Fake Wounded Army Veteran, Career Conman Jeremy Wilson Gets Slammed By Judge

 

 

Ross ripped Wilson, 43, for his fake soldier act, calling him “the antithesis of these selfless individuals who put their lives on the line for others.”

The judge was especially irked by Wilson’s “horrific lie regarding having earned two purple hearts.” That, he said, was “abhorrent and despicable.”

 

Jeremy Wilson at his sentencing in May

 

 

 

 

 

Courtesy: NYPost.   New York – A man who pretended to be a US Army veteran so he could lease a BMW and rent a luxury apartment was given a seven to 14-year prison sentence in the Manhattan Supreme Court on May 9th, 2017.

The sentence came after Jeremy Wilson spent 10 minutes telling the court how he didn’t know how to “fix” himself.

“Ive spent pretty much my entire adult life running and hiding from myself, and running and hiding from what I have done,” the scammer said.

“Of all the lies I’ve told other people, it’s the lies I’ve told myself that make living the hardest,” Wilson added, barely containing a smirk as he talked.

 

Jeremy Wilson before being taken away to prison

 

 

“If things as fundamental as my last name can’t get sorted out by investigators who are very good at their job … I don’t know how to sort anything out,” said the 43-year-old, who has repeatedly claimed to be the lovechild of late IRA leader Brian Keenan.

Wilson claimed to be a US Army veteran with two Purple Hearts, and a doctor with two Ph.D.s from MIT. He allegedly stole an MIT corporate credit card from the campus mailroom and forged checks in order to lease a $55,000 BMW X# in Boston. He later used the same fake identity to land a $5,000-a-month apartment in the Financial District.

He strolled into the police station in Chelsea, N. wearing a Harvard sweatshirt, a “Wounded Warrior” cap and military dog tags dangling from his neck. He said he was Jeremiah Asimov-Beckingham, a veteran of Afghanistan, wounded in combat, now working as an executive for an airline. He had come to the station to pick up his car.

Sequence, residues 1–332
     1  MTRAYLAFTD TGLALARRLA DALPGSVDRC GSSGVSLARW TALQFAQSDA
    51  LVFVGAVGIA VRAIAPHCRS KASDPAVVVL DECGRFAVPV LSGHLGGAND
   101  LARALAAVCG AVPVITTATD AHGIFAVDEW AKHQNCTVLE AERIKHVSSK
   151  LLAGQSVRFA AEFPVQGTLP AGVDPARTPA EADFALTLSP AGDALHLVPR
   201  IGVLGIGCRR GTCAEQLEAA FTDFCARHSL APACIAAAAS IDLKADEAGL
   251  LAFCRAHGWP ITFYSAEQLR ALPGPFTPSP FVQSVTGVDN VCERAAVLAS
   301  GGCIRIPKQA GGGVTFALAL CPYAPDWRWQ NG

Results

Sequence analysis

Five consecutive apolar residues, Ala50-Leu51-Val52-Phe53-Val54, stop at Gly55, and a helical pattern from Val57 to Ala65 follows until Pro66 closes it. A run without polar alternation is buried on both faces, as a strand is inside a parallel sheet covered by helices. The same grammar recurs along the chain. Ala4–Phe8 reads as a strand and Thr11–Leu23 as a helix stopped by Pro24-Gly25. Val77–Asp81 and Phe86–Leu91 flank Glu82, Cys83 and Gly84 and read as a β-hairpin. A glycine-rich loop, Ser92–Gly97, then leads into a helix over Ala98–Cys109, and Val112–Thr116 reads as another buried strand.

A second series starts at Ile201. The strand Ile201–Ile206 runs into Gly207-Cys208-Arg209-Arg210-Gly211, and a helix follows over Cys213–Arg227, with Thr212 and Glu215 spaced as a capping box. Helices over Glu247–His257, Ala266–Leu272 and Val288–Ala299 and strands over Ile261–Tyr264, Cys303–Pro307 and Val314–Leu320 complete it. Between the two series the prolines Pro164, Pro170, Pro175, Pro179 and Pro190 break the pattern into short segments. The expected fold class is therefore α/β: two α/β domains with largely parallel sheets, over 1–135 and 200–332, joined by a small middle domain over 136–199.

His new BMW had been impounded, he believed, as evidence in a random crime. But it was a ploy. The police were hoping to lure a man suspected of forging checks in Cambridge, Mass., to steal $70,000 and the BMW, which they had tracked to a Manhattan garage. They put Mr. Asimov-Beckingham in handcuffs and charged him with larceny.

Investigators soon learned that the man’s name was not Asimov-Beckingham. He had never been wounded in combat, nor had he ever served in the military. New York detectives and Homeland Security agents found an Indiana birth certificate in his immigration file showing his name as Jeremy Wilson, born in Indianapolis in July 1973. It was the oldest document in the file, so they charged him under that name.

Still, his identity was a puzzle. He had spent 25 years stealing Social Security numbers and fabricating new aliases, leaving behind a thicket of confusing and falsified records. Six weeks earlier, he had been released from a federal prison in New Hampshire, where he had served six years for identity theft as Jeremy Clark-Erskine. But he had more than 27 aliases in five states. His birth certificate had been altered several times. Even his citizenship was in doubt.